12:00 - 3:00 pm: Cookies and Cocoa by the Fire, Ice Fishing/Ice Curling Demonstrations, Snowshoeing, Sled Dogs, and Bird Feeder/Winter Crafts
12:30 pm: Guided Hike
1:30 pm: Winter Weather Discussion (tentative)
2:15 pm: Story Time
2:30 pm: Sing-Along with Joe Rocco

Snow Date: Sunday, January 29, 2017. These programs will be held at the High Point State Park Interpretive Center and Lake Marcia. This event is FREE but a donation of $5 or more per family appreciated. For more information, visit

Saturday, January 28 - Trenton, Mercer County
Recent Projects in Trenton: Preserving and Re-Creating Our Urban Fabric

Join the William Trent House for an illustrated presentation titled, "Recent Projects in Trenton: Preserving and Re-Creating Our Urban Fabric," by John D. S. Hatch, FAIA, LEED AP, which will depict an overview of changes that have occurred to Trenton's urban form over the last 80 years. Hatch will then talk about recent projects that seek to re-knit the city and its neighborhoods together.

About the Presenter: In his more than 25 years with Clarke Caton Hintz, John Hatch has managed the design of an array of architecturally significant buildings. These include the restoration of Morven, the former governor's mansion in Princeton, the Roebling Complex Re-development, and the restoration of the Hunterdon County Courthouse. In addition to his historic work, he has managed a large number of civic projects and studies, and a wide variety of other projects, including a large number of College and University projects, several senior citizen housing projects, the Somerset Ballpark, and commercial and government projects. All of his projects address issues of context, civic life and sustainability. In addition to his design work, John has written and lectured about such topics as historic preservation, sustainability and urban redevelopment.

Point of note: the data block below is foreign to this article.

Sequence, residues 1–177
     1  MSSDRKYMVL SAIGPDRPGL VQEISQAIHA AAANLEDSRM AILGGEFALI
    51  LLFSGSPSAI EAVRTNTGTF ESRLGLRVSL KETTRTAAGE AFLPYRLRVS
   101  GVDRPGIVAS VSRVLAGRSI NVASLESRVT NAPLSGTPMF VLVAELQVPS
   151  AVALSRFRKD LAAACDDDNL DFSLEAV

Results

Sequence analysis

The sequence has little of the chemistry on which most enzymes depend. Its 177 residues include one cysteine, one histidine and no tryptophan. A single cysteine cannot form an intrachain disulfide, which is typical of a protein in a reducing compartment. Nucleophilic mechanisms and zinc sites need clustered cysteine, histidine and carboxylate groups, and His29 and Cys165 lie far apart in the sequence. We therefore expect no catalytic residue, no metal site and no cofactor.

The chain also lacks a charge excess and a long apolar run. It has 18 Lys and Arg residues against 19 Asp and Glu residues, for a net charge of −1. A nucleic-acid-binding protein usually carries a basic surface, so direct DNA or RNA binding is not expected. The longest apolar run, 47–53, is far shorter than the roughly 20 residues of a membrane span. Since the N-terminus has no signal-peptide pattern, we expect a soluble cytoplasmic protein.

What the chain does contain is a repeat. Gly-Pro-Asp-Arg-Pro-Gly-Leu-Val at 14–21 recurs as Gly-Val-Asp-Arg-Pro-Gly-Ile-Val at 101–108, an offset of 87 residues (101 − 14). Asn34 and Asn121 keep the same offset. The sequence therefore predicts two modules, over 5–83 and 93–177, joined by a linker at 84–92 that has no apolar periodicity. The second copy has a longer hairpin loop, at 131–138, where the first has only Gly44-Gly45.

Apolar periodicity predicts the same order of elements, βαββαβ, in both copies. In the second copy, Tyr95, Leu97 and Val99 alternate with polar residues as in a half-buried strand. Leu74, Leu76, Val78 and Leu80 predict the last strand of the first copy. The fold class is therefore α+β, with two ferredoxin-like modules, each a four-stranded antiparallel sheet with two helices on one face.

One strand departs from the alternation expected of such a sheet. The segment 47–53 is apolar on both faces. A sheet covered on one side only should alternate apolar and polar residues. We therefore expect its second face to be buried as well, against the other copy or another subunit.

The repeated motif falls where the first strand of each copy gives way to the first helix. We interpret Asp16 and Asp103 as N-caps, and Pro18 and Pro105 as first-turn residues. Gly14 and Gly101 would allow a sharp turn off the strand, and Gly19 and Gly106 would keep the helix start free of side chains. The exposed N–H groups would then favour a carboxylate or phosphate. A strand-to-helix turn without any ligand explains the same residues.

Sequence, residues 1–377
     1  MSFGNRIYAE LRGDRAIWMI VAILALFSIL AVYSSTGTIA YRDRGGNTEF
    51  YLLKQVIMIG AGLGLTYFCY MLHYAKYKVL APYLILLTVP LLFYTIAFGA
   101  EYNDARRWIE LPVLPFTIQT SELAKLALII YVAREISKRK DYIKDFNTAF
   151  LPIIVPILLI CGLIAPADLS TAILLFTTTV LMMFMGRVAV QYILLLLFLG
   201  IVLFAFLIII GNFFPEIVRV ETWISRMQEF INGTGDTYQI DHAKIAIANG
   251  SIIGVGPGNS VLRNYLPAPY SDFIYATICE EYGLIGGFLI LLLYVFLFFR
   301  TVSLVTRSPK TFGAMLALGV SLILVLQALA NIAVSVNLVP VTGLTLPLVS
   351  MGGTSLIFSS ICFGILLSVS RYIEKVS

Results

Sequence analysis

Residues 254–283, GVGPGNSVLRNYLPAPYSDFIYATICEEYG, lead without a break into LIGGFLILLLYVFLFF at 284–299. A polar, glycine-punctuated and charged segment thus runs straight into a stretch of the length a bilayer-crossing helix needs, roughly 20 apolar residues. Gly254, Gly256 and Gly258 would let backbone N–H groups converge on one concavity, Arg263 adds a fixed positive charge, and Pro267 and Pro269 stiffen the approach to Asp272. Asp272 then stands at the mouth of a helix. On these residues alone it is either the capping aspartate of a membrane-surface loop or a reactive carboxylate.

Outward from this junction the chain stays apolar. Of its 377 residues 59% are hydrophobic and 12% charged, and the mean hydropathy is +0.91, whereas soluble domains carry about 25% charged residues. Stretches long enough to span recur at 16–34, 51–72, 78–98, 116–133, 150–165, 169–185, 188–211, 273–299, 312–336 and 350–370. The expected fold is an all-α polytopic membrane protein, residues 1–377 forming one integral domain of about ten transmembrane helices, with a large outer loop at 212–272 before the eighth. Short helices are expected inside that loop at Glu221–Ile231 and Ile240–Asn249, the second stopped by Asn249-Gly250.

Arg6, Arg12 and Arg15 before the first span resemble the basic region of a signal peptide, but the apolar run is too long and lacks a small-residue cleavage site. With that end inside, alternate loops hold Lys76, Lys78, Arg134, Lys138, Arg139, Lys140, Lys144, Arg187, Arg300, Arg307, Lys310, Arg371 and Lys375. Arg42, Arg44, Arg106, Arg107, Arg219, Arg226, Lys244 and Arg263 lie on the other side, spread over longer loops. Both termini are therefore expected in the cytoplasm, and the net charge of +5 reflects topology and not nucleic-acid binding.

Admission is $10 non-members and $8 members. Complimentary light refreshments will be served and there will be free tours of the Trent House Museum. Ample free parking. The Trent House Museum is located at 15 Market Street in Trenton, NJ adjacent to the Hughes Justice Complex. For more information, call 609-989-0087 or visit

Sunday, January 29 - Piscataway, Middlesex County
A History of Inventing in New Jersey: From Thomas Edison to the Ice Cream Cone

Many people are familiar with Edison's "invention factory" in Menlo Park, where he patented the phonograph, the light bulb, and many more innovations. Yet so many other ideas have been conceived in the Garden State: New Jerseyans brought sound and music to movies and, yes, built the very first drive-in theater! The first cultivated blueberry, ice cream cones and M&M's® are also Jersey iconic aspects of American life, like Bubble Wrap®, the boardwalk, the Band-Aid®, and even professional baseball got started here. And just think what life would be like without the plastic, air-conditioning, vacuum cleaner, and the many significant advances in medicine and surgery -all developed here!

On Sunday at the Metlar Bodine House Museum, join author Linda Barth as she explores groundbreaking, useful, fun, and even silly inventions and their New Jersey roots.  After the program, A History of Inventing in New Jersey: From Thomas Edison to the Ice Cream Cone (plus her other published works) will be available for purchase, and Ms. Barth will be on hand for a book signing.